Two years ago the UNFPA issued a [State of the World’s Midwifery report](http://www.unfpa.org/sowmy/report/home.html) that called for investment in trained midwives as the single most important response to the global crisis in maternal health. “Every year approximately 350,000 women die while pregnant or giving birth — almost 1,000 a day,” states the report. “Of these women, 99 percent die in developing countries”. The World Health Organization reports estimate that close to 80% of babies born in these rural areas are received into the hands of traditional midwives; women who practice midwifery as it has been handed down to them from generation to generation. An important question for those of us invested in international midwifery work must be, what happens when traditional midwives intersect with western models of training and obstetrics? Can issues of power and privilege be transcended such that the two work together in harmony?
NGOs, charitable organizations and government models of education in Africa have historically approached the training of traditional midwives with a ‘West is best’ model. While the training of traditional midwives in western style obstetrics may have had some successes, ripple effects of this model can be traced to unintended consequences that ultimately harm the very population organizations are attempting to serve. For example, for over 10 years an evangelical organization based in the U.S. implemented a series of workshops for traditional midwives around the world. These trainings, meant to lower infant and maternal mortality by providing rural midwives with western style basic birth emergency skills, almost eradicated use of ‘traditional’ midwifery, yet failed to offer sustained access to education or resources that make replacing traditional methods with western practice a reality.
Midwives in Uganda were told not to use a local blade of very sharp grass to cut umbilical cords after birth, but instead to use razor blades. When the donated razor blades ran out the midwives did not return to using blades of grass, instead they used rusty or unsterile razors and unintentionally exposed infants to infection. These same midwives were given training manuals and practice protocols written in English when most of them have never learned to read or write, let alone speak English. At the end of the U.S. based trainings, traditional midwives had integrated key aspects of the lessons; women pushed babies out while laying flat on their backs; umbilical cords were clamped and cut before babies were breathing; when a hemorrhage occurred, midwives searched for drugs that were not there rather than risk using local remedies. In direct correlation to the end of these trainings maternal and perinatal mortality skyrocketed in rural areas. The Ugandan Government responded in 2006 by requiring traditional midwives to refer all clients to the nearest hospital, in many cases over 50 miles away. It would be impossible to expect women to walk miles in labor to receive support and most cannot afford even public transportation. Local hospitals did not (and still do not) have infrastructure to serve the number of women that would come to birth there if the traditional midwives actually made all of these referrals. The result is a confusing and dangerous set of messages and services for both laboring women and health care providers.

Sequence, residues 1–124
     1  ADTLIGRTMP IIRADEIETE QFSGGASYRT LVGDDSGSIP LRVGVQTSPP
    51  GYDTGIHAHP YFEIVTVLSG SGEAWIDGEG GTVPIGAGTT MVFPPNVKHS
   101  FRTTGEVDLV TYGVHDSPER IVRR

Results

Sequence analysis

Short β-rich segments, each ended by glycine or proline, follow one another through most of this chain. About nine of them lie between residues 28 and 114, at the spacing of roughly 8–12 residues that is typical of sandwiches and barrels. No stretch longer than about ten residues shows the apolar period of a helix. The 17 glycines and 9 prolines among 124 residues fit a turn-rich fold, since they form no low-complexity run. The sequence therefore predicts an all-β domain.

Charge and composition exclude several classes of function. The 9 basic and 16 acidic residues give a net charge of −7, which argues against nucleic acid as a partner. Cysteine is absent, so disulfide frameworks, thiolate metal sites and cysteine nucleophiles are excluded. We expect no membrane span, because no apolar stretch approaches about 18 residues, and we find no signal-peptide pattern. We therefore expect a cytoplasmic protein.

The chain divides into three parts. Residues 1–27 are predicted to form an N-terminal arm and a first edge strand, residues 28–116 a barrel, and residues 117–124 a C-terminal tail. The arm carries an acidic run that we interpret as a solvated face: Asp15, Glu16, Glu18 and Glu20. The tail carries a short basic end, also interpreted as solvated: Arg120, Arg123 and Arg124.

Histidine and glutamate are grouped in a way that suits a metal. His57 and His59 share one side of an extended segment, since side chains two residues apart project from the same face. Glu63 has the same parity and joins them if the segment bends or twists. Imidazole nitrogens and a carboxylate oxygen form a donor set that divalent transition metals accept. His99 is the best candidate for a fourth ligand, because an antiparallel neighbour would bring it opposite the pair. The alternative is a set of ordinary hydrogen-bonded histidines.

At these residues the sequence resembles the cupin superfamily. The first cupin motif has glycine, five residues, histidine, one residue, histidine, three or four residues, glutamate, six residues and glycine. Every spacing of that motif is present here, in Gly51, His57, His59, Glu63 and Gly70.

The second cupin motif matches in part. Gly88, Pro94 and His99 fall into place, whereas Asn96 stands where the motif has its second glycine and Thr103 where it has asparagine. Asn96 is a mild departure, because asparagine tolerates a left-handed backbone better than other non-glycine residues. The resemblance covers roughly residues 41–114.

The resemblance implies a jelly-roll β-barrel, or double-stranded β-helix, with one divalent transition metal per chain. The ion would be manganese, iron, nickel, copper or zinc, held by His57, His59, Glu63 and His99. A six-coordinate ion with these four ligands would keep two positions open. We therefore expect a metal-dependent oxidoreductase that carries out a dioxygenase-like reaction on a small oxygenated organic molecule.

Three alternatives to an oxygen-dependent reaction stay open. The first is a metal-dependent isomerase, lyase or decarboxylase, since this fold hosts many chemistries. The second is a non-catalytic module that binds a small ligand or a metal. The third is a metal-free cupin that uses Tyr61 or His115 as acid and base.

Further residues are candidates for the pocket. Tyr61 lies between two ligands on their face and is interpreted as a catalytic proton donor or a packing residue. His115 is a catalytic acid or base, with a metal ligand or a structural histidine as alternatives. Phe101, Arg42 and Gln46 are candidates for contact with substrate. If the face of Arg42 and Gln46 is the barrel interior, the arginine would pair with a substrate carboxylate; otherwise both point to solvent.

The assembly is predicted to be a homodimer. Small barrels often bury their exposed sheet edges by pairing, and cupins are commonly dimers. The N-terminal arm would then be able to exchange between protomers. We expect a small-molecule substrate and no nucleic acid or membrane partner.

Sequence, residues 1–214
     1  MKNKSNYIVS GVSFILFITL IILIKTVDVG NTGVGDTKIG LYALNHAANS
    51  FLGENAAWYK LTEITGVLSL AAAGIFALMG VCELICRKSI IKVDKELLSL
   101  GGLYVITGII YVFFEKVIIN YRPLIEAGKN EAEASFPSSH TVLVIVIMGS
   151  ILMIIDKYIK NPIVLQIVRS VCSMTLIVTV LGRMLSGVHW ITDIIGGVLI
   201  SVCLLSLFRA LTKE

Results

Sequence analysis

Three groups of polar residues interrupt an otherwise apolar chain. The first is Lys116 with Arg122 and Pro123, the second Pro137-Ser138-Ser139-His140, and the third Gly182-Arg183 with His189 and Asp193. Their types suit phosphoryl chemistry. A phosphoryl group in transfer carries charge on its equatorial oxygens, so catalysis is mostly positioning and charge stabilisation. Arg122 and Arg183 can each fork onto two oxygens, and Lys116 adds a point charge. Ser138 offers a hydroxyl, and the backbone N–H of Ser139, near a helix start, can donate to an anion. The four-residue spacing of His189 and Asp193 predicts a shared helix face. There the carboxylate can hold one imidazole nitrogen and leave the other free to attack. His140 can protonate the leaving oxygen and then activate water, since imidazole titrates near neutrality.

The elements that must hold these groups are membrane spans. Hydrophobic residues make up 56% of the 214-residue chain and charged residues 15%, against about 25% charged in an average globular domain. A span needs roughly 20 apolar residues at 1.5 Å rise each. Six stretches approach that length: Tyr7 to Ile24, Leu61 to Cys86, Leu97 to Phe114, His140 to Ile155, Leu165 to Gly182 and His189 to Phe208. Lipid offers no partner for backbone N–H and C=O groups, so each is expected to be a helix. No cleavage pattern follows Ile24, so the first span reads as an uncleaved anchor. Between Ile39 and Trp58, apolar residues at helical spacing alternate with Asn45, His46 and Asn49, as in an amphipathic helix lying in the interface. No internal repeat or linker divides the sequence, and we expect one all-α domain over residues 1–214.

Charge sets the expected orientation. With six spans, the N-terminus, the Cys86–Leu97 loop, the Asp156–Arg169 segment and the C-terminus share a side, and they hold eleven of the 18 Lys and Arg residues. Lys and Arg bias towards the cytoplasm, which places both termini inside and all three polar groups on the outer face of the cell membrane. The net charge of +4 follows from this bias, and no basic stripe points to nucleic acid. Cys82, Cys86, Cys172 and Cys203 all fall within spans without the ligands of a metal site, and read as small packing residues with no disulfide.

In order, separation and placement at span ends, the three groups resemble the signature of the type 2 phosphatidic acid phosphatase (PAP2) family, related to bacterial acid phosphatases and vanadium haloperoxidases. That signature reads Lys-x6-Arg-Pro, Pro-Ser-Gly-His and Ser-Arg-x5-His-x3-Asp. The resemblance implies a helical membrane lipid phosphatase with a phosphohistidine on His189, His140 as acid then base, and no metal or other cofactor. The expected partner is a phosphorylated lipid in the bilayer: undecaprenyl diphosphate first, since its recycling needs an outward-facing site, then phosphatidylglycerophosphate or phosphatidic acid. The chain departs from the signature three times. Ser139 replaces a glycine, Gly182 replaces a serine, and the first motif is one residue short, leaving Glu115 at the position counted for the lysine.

I began working with traditional midwives in Northern Uganda in 2007. They were just coming out of a 23 year-long civil war where most of them had been displaced and were living in internally displaced persons camps. The women they served had every risk factor imaginable for a complication, and yet they were served with the most limited of resources, sometimes without gloves, and in exchange for a bar of soap or a small bag of sugar. One thing that became immediately clear to me as I sat in circle with these women was how often they have been told that their knowledge is wrong. The midwives and I talked. We ate meals together. We shared stories. We acted them out. We swapped advice. The beginning stages of what would later become a fully integrated birth clinic, were about midwives doing what they do best: building community. I believe that when we remove midwifery from community, we risk losing midwifery altogether.
(A second blog post--soon to follow-- will include one of the innovations emerging from Mother Health International).
Jean M. Bouquet, DO, is an Assistant Professor of Family Medicine and Co-Director of the Urban Underserved Track at the Rocky Vista University College of Osteopathic Medicine. He is the founder of the Bouquet Speculum, an innovative and FDA-cleared medical device that helps to screen women for cervical cancer. Dr. Bouquet also started the Cure Cervical Cancer nonprofit. The following blog post was written by Dr. Bouquet about his journey to creating the Bouquet Speculum.
Dr. Daniel Kimani is a trained and licensed medical officer in Kenya, holding a Bachelor of Medicine & Surgery, and a post-graduate certificate on basic oncology training. Dr. Kimani is the founder of the Global Cancer Care and Research Institute, and is an expert in clinical colposcopy — a procedure to examine the cervix, vagina, and vulva.